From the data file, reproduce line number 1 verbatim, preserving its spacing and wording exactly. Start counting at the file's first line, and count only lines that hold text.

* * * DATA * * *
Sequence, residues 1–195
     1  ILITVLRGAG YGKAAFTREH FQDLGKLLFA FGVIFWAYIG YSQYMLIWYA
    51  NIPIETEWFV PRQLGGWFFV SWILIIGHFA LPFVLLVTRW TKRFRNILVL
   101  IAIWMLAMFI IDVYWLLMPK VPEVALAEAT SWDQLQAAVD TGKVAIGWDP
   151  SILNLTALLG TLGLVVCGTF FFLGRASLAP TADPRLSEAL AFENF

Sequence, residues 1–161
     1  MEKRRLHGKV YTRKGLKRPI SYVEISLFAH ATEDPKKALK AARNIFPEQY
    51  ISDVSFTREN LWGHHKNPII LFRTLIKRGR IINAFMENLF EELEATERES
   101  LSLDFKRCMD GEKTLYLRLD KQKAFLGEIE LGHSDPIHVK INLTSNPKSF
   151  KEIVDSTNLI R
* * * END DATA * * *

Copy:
Sequence, residues 1–195